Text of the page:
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Nov 19, 2020 • • 5 minute read
Another off-season (hardly a typical one, mind you), another alternate jersey.
Whenever the 2020-21 National Hockey League season begins, the Edmonton Oilers will have another uniform in their stalls: A ‘Reverse Retro’ fourth jersey, which is sort-of a contrast to the old royal blue with orange shoulders version — sort of, as really, the old white version was more of a true ‘reverse.’
Regardless, the new retro jersey does conjure up memories of the shirts of lore, specifically the ones from the World Hockey Association days.
The upcoming season will be the third in a row the Oilers have rolled out an alternate to their orange home and white road togs.
David Staples asked me to write this up after I emailed him about the history of Oilers wear; I’ve been a jersey nerd since I was a child who dreamed of donning his own Sandow SK one day. I had watched a recent Cult video in which he and Bruce McCurdy talk about the Reverse Retro version, and it seemed to me they weren’t totally certain of when styles changed.
A history lesson is below, followed by a poll asking you which Oilers jersey style is your favourite of all-time.
The Oilers wore the original orange w/ blue-and-white trim sweaters on the road and white with orange-and-blue trim at home their first two seasons in the WHA.
They’re modelled after the powerhouse junior Oil Kings jerseys of the early/mid-1960s, when they were busy beating Bobby Orr & Co. and others in Memorial Cups. It’s the same style today’s WHL Oil Kings wear.
Cue the contrast
The Oilers changed their jersey design when they moved to the Coliseum in 1974, the one they adopted for the following 20-plus years, although they sported contrasting crests. They wore these for the rest of their WHA tenure, through 1978-79.
Before we saw the Reverse Retro style unveiled earlier this week, I half-expected it to sport the contrasting crest you see here on Al Hamilton’s white sweater from 1976-77, or maybe even the orange-lettered, blue-dropped one from the blue version.
Into the NHL
When the Oilers entered the NHL, they kept the uniform style but reverted to the crest from the 1972-74 sweaters. It’s the design they used for 17 seasons, including for all five Stanley Cup wins, through the 1995-96 campaign.
The Oilers switched to the dark blue/copper/hint-of-red combo in 1996-97 — unveiling it on May 31, 1996, amid the team’s do-or-die season-ticket campaign to either qualify for the NHL’s Canadian assistance plan or to avoid relocation, depending on if you believed NHL commissioner Gary Bettman or then-Oilers owner Peter Pocklington — utilizing the same striping pattern but dropping the shoulder yokes on the road jersey.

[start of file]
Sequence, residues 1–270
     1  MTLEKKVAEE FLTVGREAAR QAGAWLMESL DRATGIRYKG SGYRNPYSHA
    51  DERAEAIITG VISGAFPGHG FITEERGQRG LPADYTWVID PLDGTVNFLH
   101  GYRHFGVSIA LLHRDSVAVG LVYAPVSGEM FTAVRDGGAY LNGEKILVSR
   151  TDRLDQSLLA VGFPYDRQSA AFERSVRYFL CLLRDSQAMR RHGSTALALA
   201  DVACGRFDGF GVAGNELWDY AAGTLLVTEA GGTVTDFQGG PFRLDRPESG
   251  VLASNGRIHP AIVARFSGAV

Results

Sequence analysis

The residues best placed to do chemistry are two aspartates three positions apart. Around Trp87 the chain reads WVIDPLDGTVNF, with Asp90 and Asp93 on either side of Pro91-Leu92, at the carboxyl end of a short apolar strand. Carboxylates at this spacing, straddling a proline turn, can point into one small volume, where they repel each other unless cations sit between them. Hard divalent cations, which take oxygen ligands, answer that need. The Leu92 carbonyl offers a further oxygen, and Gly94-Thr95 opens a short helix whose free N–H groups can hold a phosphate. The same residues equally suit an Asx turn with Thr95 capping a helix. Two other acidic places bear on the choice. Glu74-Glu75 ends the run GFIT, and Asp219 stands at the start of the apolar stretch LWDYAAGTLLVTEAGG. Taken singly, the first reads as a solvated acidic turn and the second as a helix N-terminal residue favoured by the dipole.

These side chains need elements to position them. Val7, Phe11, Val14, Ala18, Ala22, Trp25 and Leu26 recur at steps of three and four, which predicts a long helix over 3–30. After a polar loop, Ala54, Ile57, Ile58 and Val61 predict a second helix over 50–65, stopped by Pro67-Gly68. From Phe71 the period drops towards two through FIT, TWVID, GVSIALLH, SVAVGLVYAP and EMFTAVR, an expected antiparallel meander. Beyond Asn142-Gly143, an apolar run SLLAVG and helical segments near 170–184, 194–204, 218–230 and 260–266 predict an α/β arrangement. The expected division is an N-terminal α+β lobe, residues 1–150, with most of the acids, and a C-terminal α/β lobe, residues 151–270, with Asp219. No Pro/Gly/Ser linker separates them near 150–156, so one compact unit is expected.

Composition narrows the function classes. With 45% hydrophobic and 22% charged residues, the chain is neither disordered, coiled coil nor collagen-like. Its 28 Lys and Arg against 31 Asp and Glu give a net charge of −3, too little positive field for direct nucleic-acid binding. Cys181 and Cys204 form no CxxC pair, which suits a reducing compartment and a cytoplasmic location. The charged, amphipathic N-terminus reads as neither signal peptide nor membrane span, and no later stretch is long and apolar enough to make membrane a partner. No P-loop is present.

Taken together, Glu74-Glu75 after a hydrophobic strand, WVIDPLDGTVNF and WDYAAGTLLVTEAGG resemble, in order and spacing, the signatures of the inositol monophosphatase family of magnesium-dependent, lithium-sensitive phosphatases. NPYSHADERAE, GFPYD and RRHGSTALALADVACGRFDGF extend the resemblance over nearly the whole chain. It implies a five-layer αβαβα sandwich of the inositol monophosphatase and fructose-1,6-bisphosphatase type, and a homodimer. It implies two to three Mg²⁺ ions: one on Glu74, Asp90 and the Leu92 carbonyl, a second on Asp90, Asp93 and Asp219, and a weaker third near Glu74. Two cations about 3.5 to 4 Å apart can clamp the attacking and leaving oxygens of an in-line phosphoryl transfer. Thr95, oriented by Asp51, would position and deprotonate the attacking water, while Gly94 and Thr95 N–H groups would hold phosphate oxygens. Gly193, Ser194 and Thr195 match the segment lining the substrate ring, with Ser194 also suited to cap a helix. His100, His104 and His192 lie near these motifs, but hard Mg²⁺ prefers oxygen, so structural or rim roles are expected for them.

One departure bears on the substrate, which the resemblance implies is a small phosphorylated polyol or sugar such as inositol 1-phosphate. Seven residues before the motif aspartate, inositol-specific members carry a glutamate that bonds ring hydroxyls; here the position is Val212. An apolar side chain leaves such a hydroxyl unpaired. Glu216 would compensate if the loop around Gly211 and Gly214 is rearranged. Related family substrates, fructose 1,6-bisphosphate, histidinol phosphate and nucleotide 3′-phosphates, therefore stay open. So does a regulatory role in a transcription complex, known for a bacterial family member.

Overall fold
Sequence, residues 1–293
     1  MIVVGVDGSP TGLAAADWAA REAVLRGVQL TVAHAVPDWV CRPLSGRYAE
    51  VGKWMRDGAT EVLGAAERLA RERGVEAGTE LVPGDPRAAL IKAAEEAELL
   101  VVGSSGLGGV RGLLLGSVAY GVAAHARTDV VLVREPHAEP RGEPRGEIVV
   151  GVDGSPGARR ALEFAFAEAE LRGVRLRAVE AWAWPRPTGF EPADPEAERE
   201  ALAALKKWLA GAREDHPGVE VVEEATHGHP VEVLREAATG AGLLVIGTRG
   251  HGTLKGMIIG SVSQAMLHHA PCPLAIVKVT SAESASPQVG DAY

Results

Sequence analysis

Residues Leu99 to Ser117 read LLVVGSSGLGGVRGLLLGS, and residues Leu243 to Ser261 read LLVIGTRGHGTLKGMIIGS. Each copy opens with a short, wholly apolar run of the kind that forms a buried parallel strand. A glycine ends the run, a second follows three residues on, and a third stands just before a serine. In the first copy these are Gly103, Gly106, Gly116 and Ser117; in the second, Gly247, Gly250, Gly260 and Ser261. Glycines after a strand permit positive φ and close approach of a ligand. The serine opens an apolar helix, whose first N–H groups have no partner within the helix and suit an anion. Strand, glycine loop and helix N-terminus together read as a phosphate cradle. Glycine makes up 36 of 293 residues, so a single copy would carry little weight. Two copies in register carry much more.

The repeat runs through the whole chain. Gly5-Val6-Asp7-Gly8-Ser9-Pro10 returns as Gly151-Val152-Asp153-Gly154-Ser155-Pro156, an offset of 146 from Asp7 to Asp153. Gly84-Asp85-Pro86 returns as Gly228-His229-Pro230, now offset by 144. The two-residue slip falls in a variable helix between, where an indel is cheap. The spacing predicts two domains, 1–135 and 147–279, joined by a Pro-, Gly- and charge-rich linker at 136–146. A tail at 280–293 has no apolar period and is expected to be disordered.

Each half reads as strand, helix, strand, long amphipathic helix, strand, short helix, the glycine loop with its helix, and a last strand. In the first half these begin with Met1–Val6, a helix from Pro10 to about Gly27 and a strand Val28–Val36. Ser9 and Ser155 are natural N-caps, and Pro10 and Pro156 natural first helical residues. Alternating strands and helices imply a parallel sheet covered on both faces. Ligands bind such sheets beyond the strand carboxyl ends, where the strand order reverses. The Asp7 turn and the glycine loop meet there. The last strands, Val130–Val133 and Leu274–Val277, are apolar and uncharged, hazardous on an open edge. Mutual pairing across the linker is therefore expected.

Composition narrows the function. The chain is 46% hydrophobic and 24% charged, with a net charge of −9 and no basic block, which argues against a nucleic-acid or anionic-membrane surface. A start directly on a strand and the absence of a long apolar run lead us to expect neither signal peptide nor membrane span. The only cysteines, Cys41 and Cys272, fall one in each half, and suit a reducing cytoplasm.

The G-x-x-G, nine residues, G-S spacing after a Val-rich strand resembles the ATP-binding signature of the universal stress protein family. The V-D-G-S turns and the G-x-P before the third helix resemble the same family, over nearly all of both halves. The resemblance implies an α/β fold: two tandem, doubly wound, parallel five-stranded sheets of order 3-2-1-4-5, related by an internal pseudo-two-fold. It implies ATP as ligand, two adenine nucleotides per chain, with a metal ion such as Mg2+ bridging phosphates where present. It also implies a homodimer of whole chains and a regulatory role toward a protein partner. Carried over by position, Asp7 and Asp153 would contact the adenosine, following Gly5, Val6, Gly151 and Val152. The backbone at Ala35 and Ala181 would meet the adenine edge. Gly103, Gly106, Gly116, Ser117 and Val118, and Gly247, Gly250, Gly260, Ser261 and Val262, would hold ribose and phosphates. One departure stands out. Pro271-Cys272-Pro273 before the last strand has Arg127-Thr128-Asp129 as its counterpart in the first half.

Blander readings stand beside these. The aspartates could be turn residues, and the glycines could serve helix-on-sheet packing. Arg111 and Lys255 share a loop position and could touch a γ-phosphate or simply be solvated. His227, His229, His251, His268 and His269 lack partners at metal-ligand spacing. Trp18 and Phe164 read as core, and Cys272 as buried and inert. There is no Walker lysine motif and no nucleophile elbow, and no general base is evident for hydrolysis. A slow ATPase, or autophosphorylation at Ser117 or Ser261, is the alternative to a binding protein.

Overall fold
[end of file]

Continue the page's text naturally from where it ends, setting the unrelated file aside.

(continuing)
A roughneck logo was added to the shoulders. The yokes lasted one season on the home whites.
A board of Oilers people which included Peter Pocklington and Glen Sather chose to stay with a traditional hockey look. The New York Islanders had introduced a new logo and look a year before, and the reception was decidedly tepid at best.
The yoke-free versions were the Oilers’ mainstays for 10 seasons, including that incredible 2006 run all the way to Game 7 of the Cup final (tear).
And now for something completely different
In 2001-02, they added an alternate jersey designed by comic-book artist Todd McFarlane, then a member of the Oilers ownership group, and creative partner Brent Ashe.
It was a notable departure from their traditional design and logo. The team used it as their third jersey through the 2006-07 season.
From Jean Fraser’s story on the jersey’s unveiling on Oct. 26, 2001:
The oversize jersey has rap-star appeal, Gen-X allure and will work as well on urban streets as it does on hockey ice.
Which is exactly the point, says the Calgary-born McFarlane, modern and sophisticated in head-to-toe black and a pair of Gucci-style shoes.
“We wanted it to be a hockey jersey but also a good wear if you were just walking down the street.”
New supplier, new look
Reebok took over as NHL jersey supplier for 2007-08, a move that saw the Oilers change their design to the ‘pajama’ style. Gone were the familiar stripes on the sleeves and belly along with the roughneck. The Macfarlane-style jersey disappeared from the team’s closet.
Back to the future
As part of their 30th anniversary, the Oilers brought back the blue version of their classic 1980s uniform in 2008-09. They kept it as an alternate until making the full-time switch to the classic look in Ryan Nugent-Hopkins’s rookie season, 2011-12, when they (re)introduced the white version.
Connor McDavid wore this design his first two seasons, too, along with the WHA-style orange alternate that the team introduced for 2015-16 and used exclusively at home during the 2017 playoffs. The ‘Orange Crush’ promo that spring foreshadowed the full-time switch to orange the following season.
Shift to orange
In the fall of 2017, when Adidas took over from Reebok as the NHL’s jersey supplier, the Oilers made their most recent design switch to the current look, which is true to the classic design, just an emphasis on orange for the home shirt and dark blue instead of royal. In my opinion, the road white jersey is practically a direct descendent of the 1979-80 version.
The past two seasons, the Oilers have used different alternates — in 2018-19, as part of marking their 40th season in the NHL, they wore royal blue throwbacks in the style they had abandoned just a year earlier for four games, one each against their former Smythe Division rivals. Last season saw the debut of a mainly dark blue third uniform with bright orange trim, no white.
And now the Reverse Retro.
So, what’s your favourite Oilers jersey of all time? Honestly, I don’t even know if I can answer it. I mean, you can’t go wrong with the 1980s design no matter what, but that dark blue/copper from the late ’90s into the 2000s was very sharp. Orange is fun, too.